Our actual play here was quite successful.  Since we were staying there, we had an opportunity to play in some really off, off casino-hours.  My own shooting was quite good despite their long, hard tables. 

My best rolling did not take place from any positions near the stickman.  In fact, my longest, and most profitable roll was launched from straight-out at the end of the table.  The initial touchdown spot for the dice was in the Field’s “12” or “2” circle (depending on which end of the table I was standing at).  From there, the dice took one long bounce, and then continued to roll on axis to the end of the table. Now some people might attribute good rolls like that to be based purely on luck.  Okay, call me lucky, but you may want to hold off on your Don’t Pass bets, because this “lucky” spot delivered up nine mega-hands.

No Pit “heat” was shown at anytime during my hands.   In fact, even when coloring out after successful (read: very profitable) sessions, nary a second look was given to the number of $100, $500, and $1,000 cheques (chips) that were sent out by the boxman.


We did VERY well on their shorter 12-foot tables.  Despite the bad lighting that makes it seem like the middle of the night even at 10 am. I didn’t have any difficulty tracking the rotations of each die through the air and right until it’s final resting spot on the table.  They did have $10 minimums in place most of the time.  Their crews were totally unappreciative of tokes, and showed outright HATRED for anyone who varied their betting (ie. regression, progression, adding further Odds to a Come bet, turning bets off, etc.).   Dealers would openly threaten each other, and intentionally try to short-pay some Pass-Line bet players.  These guys obviously failed their “How to Win Friends and Influence People” course.  It was one more reminder why New York City would leave A/C to stew in it’s own sour-juices if NYC ever approves a casino.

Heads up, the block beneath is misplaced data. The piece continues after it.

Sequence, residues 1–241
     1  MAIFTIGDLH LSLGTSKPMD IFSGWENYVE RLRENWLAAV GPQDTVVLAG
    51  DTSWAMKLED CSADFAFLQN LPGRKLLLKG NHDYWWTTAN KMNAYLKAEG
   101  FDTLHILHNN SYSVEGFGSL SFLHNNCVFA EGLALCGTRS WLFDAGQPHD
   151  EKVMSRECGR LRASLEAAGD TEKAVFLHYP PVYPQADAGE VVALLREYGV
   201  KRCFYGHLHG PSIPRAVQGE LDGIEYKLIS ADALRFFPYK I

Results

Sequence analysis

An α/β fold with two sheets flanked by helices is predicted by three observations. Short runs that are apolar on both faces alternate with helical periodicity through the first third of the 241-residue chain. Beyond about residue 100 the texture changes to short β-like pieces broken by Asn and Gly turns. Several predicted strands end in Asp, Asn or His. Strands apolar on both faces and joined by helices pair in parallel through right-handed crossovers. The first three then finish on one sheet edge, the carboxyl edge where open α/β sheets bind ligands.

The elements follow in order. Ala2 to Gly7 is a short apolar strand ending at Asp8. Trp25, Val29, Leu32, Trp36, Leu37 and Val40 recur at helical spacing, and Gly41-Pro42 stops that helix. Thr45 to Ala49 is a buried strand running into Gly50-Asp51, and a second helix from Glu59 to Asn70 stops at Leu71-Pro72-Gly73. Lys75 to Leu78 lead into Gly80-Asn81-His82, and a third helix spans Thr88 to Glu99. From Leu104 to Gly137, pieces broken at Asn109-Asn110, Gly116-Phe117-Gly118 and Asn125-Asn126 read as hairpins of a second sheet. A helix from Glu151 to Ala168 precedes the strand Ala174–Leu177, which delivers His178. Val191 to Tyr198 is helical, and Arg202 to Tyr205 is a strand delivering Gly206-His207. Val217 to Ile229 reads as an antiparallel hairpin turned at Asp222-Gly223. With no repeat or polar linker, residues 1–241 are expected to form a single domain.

I’ll have a “rolls, hands and profit” summary of how we did in each A/C casino in a later installment of this Trip Report.

Subsequent to our trip, we found out that the Sands is reducing the number of table games, specifically, craps tables.  If their attitude is any indication of their love of their jobs, then the cutbacks and layoffs won’t arrive a minute too soon.  I realize that slot machines can be far more profitable than table games, but if the “up yours” dealer attitude is their way of encouraging new players to the game; then I’m sure they will find renewed happiness as slot attendants.   I wonder if their attitude will improve, while being stiffed by quarter-machine jackpot winners?


This is not a high-roller house, but they sure have sweet-rolling tables.  You can almost always find a $5 table here, BUT, you can count on it being crowded 24 hours a day.  We did okay with the dice, but it was one of those one-chance-to-throw-per hour situations.  Like I’ve said many times before, it’s hard to get into a shooting groove when you don’t get your hands on the dice very often. 

Still the food was good, and the staff was fine.  I’m pretty sure that their dealers don’t see a lot of big betting action on their tables.  During one hot hand, we worked our Inside Place bets up to $300 each, from a $10 and $12 start.  After a few hits at that higher level, we wanted to press the 6 & 8 to $420 each, but the female dealer couldn’t seem to clear her mind to figure out how to do it.  Yes, I know that it’s the same as pressing from $30 to $42, just add another zero, but she just couldn’t wrap her mind around it.  The box-man kindly assisted, when she said that she had never handled that size of bet before.   The box-man apologized, and I said, “no problem”, as I threw another $12 for her to press their own 6 & 8 Place bets that I had piggy-backed for them many hits earlier.